And perhaps include a tandem match style SWR detector out there, 
communicates back to the Raduino over that same serial bus.

None of the communications out to this LPF board need speed,
this LPF board is a better choice for i2c than the display.

Not that I feel any real need for 10 LPF's.  
The 4 we have on the uBitx adequately cover the WARC bands.
Putting the corner frequencies closer to the top edge of each band
would allow better attenuation of harmonics, but in some jurisdictions at least
the v5 uBitx meets regulatory requirements.
Sufficient in my book for a QRP rig.
Actually, 20/40/80m is sufficient in my book for an $129 SSB transceiver.

There were several reports in this forum of Raduino clones being built
that had more IO pins.  Moving to an Arm blue pill would seem ideal
for a Raduino upgrade.  W3JDR got most of the way there:
    https://groups.io/g/BITX20/topic/19284407

I'd much prefer something like that for getting extra pins for tasks where
execution time is a consideration, serial access over i2c is awfully slow.

If doing a Raduino clone, address these issues of the current Raduino:
    No reverse polarity protection for the 12v supply
    No protection for the IO pins that go off board, please add 100 or 1000 ohm series resistors.
    Avoid having Raduino oscillators create birdies in the receiver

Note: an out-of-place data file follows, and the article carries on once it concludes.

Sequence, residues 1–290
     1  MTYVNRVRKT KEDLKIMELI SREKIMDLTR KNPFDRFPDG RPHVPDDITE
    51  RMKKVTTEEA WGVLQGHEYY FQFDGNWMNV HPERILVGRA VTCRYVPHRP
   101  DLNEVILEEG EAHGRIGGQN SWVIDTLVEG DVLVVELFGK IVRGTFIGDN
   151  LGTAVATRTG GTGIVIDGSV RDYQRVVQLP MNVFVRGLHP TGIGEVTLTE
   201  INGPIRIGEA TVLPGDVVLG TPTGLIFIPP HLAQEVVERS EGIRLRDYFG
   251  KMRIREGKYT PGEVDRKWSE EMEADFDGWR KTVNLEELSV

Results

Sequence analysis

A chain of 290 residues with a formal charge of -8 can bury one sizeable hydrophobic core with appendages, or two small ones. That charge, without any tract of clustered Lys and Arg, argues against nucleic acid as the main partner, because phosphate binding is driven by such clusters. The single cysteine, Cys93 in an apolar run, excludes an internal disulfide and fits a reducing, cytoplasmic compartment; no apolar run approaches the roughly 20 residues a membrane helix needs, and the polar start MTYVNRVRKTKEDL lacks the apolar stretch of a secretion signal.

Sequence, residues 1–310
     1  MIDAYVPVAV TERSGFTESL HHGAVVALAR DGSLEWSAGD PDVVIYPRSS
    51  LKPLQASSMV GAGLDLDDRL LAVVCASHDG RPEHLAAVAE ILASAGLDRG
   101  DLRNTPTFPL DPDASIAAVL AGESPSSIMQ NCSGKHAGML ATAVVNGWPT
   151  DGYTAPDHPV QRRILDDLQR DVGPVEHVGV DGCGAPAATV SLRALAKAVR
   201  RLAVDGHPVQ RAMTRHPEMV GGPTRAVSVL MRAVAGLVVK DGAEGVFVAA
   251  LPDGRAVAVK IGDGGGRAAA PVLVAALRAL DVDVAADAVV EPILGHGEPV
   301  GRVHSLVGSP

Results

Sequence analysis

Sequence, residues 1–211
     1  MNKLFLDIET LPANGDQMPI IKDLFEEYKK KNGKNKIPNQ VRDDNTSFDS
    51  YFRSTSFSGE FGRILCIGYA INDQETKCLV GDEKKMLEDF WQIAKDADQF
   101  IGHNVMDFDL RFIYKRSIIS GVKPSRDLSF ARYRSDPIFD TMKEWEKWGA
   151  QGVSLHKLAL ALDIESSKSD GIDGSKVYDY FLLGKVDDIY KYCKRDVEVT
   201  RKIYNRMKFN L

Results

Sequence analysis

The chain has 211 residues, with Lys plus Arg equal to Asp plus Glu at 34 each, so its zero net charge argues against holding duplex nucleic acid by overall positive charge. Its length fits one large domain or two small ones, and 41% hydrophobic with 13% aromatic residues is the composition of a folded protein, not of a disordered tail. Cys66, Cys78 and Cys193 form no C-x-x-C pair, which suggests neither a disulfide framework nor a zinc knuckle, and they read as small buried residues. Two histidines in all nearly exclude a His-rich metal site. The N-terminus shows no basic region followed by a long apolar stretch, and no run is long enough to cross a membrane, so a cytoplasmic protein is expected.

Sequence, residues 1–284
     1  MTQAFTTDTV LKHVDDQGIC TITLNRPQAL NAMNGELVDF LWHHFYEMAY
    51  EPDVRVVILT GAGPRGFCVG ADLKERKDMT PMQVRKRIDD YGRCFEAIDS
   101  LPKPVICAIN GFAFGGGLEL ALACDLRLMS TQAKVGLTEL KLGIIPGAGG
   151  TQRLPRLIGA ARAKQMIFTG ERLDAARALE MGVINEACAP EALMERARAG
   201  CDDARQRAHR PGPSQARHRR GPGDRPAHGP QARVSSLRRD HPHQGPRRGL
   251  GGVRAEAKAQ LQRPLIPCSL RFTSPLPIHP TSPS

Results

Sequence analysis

Perhaps improve si5351 drive power to 7dBm,  have optional second si5351 to avoid crosstalk?
Might be a good project for some engineering student.
Jonathan, you still out there?

Jerry, KE7ER

On Mon, Sep 23, 2019 at 10:05 AM, ajparent1/KB1GMX wrote:
On Mon, Sep 23, 2019 at 08:34 AM, Lawrence Galea wrote:
Farhan.
Did you ever think of making available a raduino with switching for every one of the 10 HF bands so that one could use external BPFs instead of the ones on the board or perhaps a program for those who want to change the original software to do so?
Or is there any programmer on this list who is willing to do it?
Thanks to all
Likely no as its too great a change to the Raduino and the ubitx.

The existing version is at best good for 8 bands if one uses TXA,TXB,TXC as 
a binary band select along with an external decoder chip like 74138 (3-8 decode).

If one is willing a ground up build and a improved raduino-like approach would be doable.
The trick with the Nano is using a I2C display to free up pins and readjusting what pins are
used where.

Allison

Re: uBITX rotary enconder

Jack, W8TEE
 

Agree, and I have some interesting things I want to try with the 4.0 Teensy. For a while, JackAl used a software timer to track the rate at which the user was "spinning" the frequency knob. If the rate when above some user-defined threshold, we upper the increment factor by 10x. It worked fine, but seemed awkward to us. Because we use a touchscreen with the JackAl, we just put a "floating" cursor above the current frequency (shown here above the '3' digit) and the user can tap the '<' or '>' to move the

Inline image

frequency increment value. Not the best solution, perhaps, but it works. Plus, if you don't like it, you have the source code to change it if you want.

Jack, W8TEE


On Tuesday, September 24, 2019, 6:26:37 AM EDT, John Scherer <jrsphoto@...> wrote: